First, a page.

A rug is a great way to help define your teen's space and pull it all together. Read below for care
instructions and descriptions of various methods used to create our soft, durable rugs.
To protect your rugs, we recommend using a rug pad. It provides traction between the rug and floor to prevent slipping. It also adds padding and keeps the rug smooth and flat. Use a rug pad to extend your rug's life, protect the canvas backing and prevent possible color transfer.
Clean rugs regularly using a vacuum cleaner on a low power setting and without a beater brush. For best results, vacuum from different directions, making several passes over the area. With wool or chenille braided rugs, sprouts of yarn may work their way to the surface. This is to be expected and in no way lessens the rug's longevity. Trim any loose threads using household scissors. To avoid unraveling, do not pull threads. Shedding will diminish over time. For spot cleaning, apply water in very small amounts; do not saturate. If applying cleaning solvents, test in a small, inconspicuous spot before using. For general maintenance or stubborn stains, use an experienced professional cleaning service that specializes in handmade rugs. Some rug repair shops also offer cleaning services. Do not dry clean. Harsh chemicals may damage or fade rugs. Attend to spills immediately. Blot with a clean, undyed cloth to absorb as much of the spill as possible. Working from the outer edge toward the center of the spot, gently blot the area to prevent the spill from spreading.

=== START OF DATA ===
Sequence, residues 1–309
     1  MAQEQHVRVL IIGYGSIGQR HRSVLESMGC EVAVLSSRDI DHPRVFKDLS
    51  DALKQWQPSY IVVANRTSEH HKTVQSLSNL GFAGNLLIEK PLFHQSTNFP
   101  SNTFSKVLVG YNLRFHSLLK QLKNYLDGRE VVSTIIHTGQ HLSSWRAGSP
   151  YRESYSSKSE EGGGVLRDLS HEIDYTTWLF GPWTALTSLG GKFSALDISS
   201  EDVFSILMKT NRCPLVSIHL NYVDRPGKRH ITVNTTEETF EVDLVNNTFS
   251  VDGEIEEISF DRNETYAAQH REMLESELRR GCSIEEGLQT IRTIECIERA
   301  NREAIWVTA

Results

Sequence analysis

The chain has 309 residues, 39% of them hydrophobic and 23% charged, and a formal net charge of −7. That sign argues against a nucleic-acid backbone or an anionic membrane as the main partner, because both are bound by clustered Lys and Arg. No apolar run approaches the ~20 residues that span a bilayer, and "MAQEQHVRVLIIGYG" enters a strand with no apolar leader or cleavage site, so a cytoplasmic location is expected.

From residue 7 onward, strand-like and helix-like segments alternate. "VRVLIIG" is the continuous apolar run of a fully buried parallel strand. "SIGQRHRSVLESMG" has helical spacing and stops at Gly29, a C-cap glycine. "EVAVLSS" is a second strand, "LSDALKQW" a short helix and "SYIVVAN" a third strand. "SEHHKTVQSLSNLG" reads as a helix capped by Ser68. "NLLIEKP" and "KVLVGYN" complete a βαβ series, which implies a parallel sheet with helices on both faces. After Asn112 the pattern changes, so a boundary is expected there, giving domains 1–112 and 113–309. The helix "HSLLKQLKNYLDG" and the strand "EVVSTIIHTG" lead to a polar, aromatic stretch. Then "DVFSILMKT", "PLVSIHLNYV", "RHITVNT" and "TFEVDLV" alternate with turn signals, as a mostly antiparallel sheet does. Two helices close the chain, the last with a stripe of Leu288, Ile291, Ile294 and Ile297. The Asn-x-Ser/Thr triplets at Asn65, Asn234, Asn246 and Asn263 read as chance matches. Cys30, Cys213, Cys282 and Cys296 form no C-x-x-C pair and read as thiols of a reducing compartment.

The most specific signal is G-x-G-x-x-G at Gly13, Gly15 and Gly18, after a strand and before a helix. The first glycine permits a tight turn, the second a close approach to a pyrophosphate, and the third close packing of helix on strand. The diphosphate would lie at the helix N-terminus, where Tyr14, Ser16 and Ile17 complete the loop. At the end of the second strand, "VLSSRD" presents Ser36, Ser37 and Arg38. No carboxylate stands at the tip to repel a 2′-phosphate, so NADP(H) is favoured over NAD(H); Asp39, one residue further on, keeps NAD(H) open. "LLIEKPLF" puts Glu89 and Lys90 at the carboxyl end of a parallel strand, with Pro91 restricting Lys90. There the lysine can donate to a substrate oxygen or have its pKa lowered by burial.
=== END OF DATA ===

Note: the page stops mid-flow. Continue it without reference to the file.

Reposition your rug every six months to promote even wear on the surface and to extend the rug's life.
Store your rug by rolling it front side out and wrapping in cloth for protection. Do not fold or put in an airtight plastic bag. Place in a dry, well-ventilated area.
A method of interlacing three or more yarns or cloth strips in such a way that they form a braid. Braids are then sewn together to form primarily round or oval shapes. A variance in pattern is inherent from rug to rug — no two are exactly alike. Braided rugs are reversible for added wear.
A rug created on a loom, like a tapestry, which has no pile.
A rug that contains tonal (light and dark) yarn colors for a flecked appearance. Adds depth and interest.
Refers to the pile of a tufted rug when the yarns are passed through the backing from back to front, then front to back, resulting in a loop left intact.
A tight, "one-over-one" weave that resembles needlepoint. Petit point style results in design with fine detail.
The surface of a rug composed of many yarns that stand from the ground structure of the backing. In looped pile, the loops are uncut; in cut/sheared pile, the loops are cut for a velvety texture.
Provides traction between the rug and floor to prevent slipping. Adds padding and keeps the rug smooth, flat and wrinkle-free. Use a rug pad to extend your rug's life, protect the canvas backing and prevent possible color transfer.
A technique in which the pile of a rug is sheared at various heights to create or highlight a pattern.
The yarns that make up the pattern of a rug are stitched around the edge of the backing rather than being bound with another fabric. Effective binding method; results in a heavier weight that resists curling.
The pile of a tufted rug with yarn loops that are cut into individual yarns, resulting in a carpet-like appearance. Also known as "cut."
A light, flat-weave rug often made of cotton. Reversible for twice the wear.
A method of rug construction in which yarns are pushed through the backing to create the carpet, or pile, on the other side. Tufted loops may be left intact or cut.